Race Report: Park Point 5 Miler

Official Results:
Time: 61:09
Pace: 12:14
Overall: 334/365
Gender: 183/209
Division (F 19-34): 82/98

Watch Results:
Time: 61:15
Pace: 12:08
Distance: 5.04 mi
Heart Rate: N/A

A: 56:00
B: 59:59

What I ate for lunch: Bacon, lettuce, avocado sandwich with fried egg, french fries
What I carried with me: Handheld water bottle

What I wore: Tank top, running capris, ball cap
Gadgets: GPS watch

What a disappointment. That’s all I can say. I was over a minute off my 5K PR pace, and even though I started conservatively (mile 1 @ 11:45, mile 2 @ 11:34), the wheels really fell off.

I clearly did not handle the heat well. I just haven’t trained for it enough. I got to Park Point at about 4:30 or so, after stopping to pick up some mints, driving back home because I forgot sunscreen, and then finally getting underway. It was about 84 F at that point, with very little cloud cover. I walked over and picked up my race packet, t-shirt, and socks (socks! Yay!), then walked back to my car. I sat in my car and read/fooled around on my phone for a little over an hour. This was not a good idea, because I wasn’t in the shade. I was mostly in the shade, but a small part of me (depending on where I was sitting) was in the sun. And overall I was just heating up, although it didn’t feel too bad. There was really no reason to get there so early. I could have arrived at like 5:15 or 5:30 and had no problem parking in the exact same spot I did, and I wouldn’t have been letting my body heat up.

At 5:50, I was antsy enough to walk back over the pavilion and start warming up. I was feeling slower than normal during the warmup, but that’s the point of the warmup, to shed the slowness from the legs. I sat in the shade by myself after that and just waited. I SHOULD have parked somewhere closer to a shady area. Then I could have gotten out of my car, sat in the shade and read, and then stowed my stuff back in the car before starting my warmup. Anyway, I felt ok after the warmup and I felt better about the run. A few minutes before I walked over to the start, I doused my hat in water from my handheld and then doused my hair.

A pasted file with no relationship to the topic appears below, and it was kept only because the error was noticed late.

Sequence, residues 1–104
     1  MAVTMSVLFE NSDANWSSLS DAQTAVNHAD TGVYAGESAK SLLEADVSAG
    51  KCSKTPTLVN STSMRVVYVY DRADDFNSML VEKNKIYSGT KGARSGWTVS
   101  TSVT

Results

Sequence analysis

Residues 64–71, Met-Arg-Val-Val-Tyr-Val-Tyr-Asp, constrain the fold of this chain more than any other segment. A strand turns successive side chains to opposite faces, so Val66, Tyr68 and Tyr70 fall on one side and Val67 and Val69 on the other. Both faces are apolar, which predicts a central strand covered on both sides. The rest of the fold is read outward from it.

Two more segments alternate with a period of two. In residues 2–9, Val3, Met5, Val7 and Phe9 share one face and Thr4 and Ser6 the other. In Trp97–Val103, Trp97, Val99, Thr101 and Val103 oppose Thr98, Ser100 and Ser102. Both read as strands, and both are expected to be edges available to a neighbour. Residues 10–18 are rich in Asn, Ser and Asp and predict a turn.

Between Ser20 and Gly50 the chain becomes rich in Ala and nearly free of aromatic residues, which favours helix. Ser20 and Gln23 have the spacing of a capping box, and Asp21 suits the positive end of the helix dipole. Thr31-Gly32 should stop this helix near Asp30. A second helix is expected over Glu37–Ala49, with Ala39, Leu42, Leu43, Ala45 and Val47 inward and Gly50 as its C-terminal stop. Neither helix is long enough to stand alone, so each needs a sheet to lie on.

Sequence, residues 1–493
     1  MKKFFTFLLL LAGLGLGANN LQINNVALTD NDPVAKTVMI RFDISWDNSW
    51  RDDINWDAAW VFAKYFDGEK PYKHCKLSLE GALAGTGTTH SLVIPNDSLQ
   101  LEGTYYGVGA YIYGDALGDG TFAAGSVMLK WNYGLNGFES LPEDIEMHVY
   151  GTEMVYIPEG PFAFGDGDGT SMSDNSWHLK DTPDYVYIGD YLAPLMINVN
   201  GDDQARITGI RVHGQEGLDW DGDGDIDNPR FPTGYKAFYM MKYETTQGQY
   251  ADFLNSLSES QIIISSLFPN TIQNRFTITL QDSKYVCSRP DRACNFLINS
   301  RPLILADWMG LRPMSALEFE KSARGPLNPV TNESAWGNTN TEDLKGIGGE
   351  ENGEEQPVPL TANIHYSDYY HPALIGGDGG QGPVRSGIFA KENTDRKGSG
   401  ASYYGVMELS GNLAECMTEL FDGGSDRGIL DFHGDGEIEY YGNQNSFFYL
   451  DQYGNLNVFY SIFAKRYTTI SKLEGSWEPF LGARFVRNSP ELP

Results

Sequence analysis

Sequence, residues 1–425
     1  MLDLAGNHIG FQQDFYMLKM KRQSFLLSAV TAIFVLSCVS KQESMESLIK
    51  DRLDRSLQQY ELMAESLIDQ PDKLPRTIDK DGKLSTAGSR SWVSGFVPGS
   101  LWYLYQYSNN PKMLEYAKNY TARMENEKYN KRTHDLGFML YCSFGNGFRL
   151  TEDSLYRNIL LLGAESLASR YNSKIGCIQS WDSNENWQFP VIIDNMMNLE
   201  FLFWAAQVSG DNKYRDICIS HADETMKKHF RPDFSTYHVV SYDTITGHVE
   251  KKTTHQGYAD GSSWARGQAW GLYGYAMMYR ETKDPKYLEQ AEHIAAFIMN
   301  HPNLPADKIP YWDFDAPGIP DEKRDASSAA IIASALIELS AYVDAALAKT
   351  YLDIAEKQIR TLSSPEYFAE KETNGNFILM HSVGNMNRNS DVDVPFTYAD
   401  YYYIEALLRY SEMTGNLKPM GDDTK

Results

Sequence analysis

As I said, I held back at the beginning. I started near the back again, but there was no time clock, so I had no idea how far off I was from the start. There were only 365 finishers (maybe more starters, I don’t know if anyone DNF), so my chip time turned out to be only 25 seconds off of gun time. I was feeling ok, but hot, and my mouth was kind of drying out. A few people along the route had sprinklers or hoses going and sprayed consenting runners when they went by. These people were lifesavers.

I reached the turnaround, which was a little over 2.5 miles in, and I saw my uncle standing there waiting for me. He lives on Park Point in the summer and rode his bike over for some moral support, which was nice. He told me I looked great, and looked strong, which I probably did at that point. Later he told me he hadn’t had a chance to get his camera out and I am very grateful for that. I looked at myself after the race, maybe 10 minutes after I’d finished, and I was beet red, as always.